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How Corporations Are Taxed

Corporations are taxed in a different manner than other business entities. In fact, corporations are the only types of business that pay income taxes on their profits. Conversely, partnerships, sole proprietorships, and limited liability companies (LLCs) are not taxed on business profits. Rather, the business profits “pass through” to the business’ owners, who in turn report the business income (or losses) on their personal income tax returns.

Corporations are taxed separately from their individual owners. If a taxpayer’s business is not incorporated, all the profits from the business will be taxed on the taxpayer’s personal income tax return in the year that the profits were earned. Incorporating such a business may prove to be a good way to save on taxes, especially if the taxpayer intends to reinvest the profits in the business. For example, if a taxpayer’s business is incorporated, the first $75,000 of the business’s profits will be taxed at a lower rate than if the taxpayer claimed them on his or her personal income tax return. However, there are exceptions: personal service corporations like legal, accounting, consulting, and medical groups must pay a flat tax rate of 35 percent on their taxable income.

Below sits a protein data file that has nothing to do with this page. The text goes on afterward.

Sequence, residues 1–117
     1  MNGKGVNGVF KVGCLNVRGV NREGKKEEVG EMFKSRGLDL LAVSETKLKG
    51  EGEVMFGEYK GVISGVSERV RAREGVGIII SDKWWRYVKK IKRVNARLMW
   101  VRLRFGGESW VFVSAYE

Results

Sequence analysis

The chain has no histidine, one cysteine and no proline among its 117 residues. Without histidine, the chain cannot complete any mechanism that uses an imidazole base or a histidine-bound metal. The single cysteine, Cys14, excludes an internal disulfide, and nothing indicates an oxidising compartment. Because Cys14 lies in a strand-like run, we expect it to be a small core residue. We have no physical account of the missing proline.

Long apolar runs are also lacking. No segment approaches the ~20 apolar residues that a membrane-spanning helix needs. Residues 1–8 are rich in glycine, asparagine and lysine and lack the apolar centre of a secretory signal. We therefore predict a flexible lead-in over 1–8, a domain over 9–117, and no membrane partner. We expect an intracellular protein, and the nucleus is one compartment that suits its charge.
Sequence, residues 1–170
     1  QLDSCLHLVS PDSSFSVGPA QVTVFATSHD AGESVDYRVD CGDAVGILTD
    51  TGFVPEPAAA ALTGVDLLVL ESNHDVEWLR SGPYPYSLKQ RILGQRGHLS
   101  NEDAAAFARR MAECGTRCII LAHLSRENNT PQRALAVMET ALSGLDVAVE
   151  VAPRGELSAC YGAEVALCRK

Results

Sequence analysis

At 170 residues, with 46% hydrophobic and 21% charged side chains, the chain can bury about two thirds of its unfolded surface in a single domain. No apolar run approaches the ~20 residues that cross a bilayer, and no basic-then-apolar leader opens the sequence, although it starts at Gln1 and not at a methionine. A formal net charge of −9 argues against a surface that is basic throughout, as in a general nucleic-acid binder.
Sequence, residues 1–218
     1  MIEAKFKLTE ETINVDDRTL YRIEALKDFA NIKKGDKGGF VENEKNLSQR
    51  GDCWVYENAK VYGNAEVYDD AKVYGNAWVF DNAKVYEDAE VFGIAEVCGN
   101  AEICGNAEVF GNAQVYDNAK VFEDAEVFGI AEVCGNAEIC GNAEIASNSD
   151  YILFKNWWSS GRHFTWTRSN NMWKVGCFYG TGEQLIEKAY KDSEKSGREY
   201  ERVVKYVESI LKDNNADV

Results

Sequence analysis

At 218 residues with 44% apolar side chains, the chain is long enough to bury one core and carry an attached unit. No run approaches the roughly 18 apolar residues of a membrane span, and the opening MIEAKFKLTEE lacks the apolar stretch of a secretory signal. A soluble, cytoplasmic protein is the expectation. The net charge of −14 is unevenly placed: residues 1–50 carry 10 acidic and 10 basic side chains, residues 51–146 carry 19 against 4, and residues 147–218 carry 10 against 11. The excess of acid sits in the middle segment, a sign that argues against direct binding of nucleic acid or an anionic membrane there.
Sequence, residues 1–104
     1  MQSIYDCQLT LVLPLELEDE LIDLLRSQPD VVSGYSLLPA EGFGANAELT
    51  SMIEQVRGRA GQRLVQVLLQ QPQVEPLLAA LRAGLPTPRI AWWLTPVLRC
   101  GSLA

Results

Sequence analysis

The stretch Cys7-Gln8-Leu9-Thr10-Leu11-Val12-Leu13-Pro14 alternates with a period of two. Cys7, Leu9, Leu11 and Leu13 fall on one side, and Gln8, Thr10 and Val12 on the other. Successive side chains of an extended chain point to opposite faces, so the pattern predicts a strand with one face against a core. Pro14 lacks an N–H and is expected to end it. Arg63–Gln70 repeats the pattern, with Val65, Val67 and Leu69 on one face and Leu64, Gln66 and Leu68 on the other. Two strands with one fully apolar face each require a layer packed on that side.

Corporations can deduct employee benefits, such as health insurance, disability, and up to $50,000 in life insurance. This deduction applies to owners who are also employees of the company. The IRS permits incorporated businesses to treat their owners as employees for benefits purposes, allowing these owners to take the tax deduction on their own as well as their employees’ benefits. Conversely, owners of unincorporated businesses and sole-proprietorships cannot deduct their own benefits.

Taxpayers cannot immediately claim on their personal income tax corporate losses on their incorporated businesses. Rather, they must wait until they can offset their losses by profits. This is particularly problematic for newer businesses because most new businesses produce very little revenue in their first few years and losses are common.

Inside How Corporations Are Taxed